Preparing your ms
It's important to present your manuscript properly, as it's very off-putting if you submit something which looks a mess. So, whether you're thinking about submission, or not yet at that stage, bear in mind the following guidelines.
If you're considering sending it us for a service, some of our fees will depend on the state of your manuscript. It makes more work for the copy editor if you have not checked your work carefully, so our quote will be higher. To keep the cost as low as possible, check the following points before sending your manuscript to us:
- Read the manuscript carefully to supply missing or, more often, eliminate surplus, words.
- If you have problems spotting your own errors, or know this is not your strong point, ask a friend or family member to read it and check for the obvious errors.
- Use your spellchecker to eliminate as many spelling mistakes as possible - but check carefully or the computer will introduce correctly spelt but wrong words.
- Make sure the latest batch of corrections have been incorporated into the typescript.
- There is no harm in doing some early copy editing - make sure all the names are written consistently.
- Make sure that your manuscript is clearly marked with the title and your name. Make sure it is paginated - the computer can put page numbers, chapter headings and your name on each page as headings and footings.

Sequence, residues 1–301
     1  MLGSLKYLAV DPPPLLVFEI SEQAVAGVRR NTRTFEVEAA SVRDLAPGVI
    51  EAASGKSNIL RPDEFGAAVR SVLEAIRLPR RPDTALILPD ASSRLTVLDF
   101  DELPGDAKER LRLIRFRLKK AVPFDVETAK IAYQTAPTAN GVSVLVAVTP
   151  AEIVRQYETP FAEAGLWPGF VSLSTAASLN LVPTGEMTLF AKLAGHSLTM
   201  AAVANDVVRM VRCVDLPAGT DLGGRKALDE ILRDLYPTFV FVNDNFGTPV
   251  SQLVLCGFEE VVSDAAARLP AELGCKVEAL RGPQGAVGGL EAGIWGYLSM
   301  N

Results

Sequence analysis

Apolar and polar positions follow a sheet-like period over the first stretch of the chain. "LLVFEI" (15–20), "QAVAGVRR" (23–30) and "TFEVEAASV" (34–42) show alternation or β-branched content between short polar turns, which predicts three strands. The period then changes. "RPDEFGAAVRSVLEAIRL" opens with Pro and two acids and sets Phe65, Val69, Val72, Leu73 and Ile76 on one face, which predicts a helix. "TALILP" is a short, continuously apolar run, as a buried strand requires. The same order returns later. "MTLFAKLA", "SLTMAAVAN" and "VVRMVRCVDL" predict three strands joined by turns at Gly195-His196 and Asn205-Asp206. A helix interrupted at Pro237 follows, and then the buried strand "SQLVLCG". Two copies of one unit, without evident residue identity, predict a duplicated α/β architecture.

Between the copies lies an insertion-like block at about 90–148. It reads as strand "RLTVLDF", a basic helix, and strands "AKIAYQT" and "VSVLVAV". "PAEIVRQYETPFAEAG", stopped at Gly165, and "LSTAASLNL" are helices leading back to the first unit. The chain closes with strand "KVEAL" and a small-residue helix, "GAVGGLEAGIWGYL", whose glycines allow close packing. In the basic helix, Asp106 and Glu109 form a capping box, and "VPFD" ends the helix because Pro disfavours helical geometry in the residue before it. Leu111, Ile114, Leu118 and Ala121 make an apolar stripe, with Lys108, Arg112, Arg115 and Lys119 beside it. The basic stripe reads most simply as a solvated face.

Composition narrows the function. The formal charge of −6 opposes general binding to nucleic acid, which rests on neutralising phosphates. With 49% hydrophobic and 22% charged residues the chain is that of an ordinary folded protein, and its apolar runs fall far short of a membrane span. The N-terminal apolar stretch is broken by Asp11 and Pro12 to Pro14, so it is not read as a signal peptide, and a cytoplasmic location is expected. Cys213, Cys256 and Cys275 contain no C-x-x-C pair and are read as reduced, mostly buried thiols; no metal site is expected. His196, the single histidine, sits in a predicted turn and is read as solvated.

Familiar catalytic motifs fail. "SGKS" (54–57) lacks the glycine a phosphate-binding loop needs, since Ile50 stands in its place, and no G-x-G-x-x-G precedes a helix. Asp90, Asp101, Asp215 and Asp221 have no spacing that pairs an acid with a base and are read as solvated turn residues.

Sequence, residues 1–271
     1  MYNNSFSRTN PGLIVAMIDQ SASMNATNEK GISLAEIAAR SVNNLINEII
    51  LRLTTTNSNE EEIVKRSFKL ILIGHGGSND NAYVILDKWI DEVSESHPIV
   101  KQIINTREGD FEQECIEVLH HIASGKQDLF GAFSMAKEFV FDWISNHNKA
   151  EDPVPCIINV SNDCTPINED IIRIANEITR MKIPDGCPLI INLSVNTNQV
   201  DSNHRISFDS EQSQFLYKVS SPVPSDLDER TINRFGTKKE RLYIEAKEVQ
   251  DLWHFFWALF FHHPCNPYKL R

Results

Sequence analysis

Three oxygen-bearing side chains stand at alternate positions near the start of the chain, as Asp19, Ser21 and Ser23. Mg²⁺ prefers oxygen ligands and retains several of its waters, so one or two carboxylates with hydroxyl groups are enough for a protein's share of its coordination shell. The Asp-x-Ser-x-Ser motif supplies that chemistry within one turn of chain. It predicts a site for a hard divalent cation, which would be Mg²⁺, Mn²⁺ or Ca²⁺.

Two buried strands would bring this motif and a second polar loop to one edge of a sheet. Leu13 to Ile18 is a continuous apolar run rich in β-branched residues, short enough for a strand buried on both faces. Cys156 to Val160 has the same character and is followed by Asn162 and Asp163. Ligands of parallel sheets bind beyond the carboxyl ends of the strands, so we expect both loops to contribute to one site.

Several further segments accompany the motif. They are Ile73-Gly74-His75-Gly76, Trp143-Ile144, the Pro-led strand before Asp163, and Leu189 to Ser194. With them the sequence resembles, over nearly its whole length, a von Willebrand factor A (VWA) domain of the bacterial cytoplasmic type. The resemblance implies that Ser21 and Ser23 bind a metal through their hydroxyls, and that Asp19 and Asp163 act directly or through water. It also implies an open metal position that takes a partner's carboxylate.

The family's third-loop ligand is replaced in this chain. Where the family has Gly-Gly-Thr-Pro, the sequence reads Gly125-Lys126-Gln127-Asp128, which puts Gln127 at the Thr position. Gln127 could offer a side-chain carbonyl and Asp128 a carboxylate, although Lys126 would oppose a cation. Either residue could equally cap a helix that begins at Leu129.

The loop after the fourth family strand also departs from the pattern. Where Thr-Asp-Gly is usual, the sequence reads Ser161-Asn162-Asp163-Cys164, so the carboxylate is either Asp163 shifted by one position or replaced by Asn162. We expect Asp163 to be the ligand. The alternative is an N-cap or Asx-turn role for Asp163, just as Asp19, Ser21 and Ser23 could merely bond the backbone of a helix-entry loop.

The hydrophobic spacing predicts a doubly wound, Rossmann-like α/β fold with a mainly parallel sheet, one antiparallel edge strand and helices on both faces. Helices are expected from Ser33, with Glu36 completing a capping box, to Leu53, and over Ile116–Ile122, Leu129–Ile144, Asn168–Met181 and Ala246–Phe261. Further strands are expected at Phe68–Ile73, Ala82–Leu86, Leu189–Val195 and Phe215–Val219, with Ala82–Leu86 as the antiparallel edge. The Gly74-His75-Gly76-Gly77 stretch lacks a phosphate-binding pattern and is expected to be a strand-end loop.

It is best to do each check in sequence. For most people, it does not work if you try to check for spelling, flow and sense all at the same time.
It might take several reads but the presentation of your work will improve - but stop before you get stale or decide to start on another rewrite!
Other things to check
© Chris HolifieldManaging director of WritersServices; spent working life in publishing,employed by everything from global corporations to start-ups; track record includes: editorial director of Sphere Books, publishing director of The Bodley Head, publishing director for start-up of upmarket book club, The Softback Preview, editorial director of Britain’s biggest book club group, BCA, and, most recently, deputy MD and publisher of Cassell & Co. She is also currently the Director of the Poetry Book Society; During all of this time aware of problems faced by writers, as publishing changed from idiosyncratic cottage industry, 'occupation for gentlemen', into corporate business of today. Writers encountered increasing difficulty in getting books edited or published. Authors create the books which are the raw material for the whole business. She believes it is time to bring them back to centre stage. 2003
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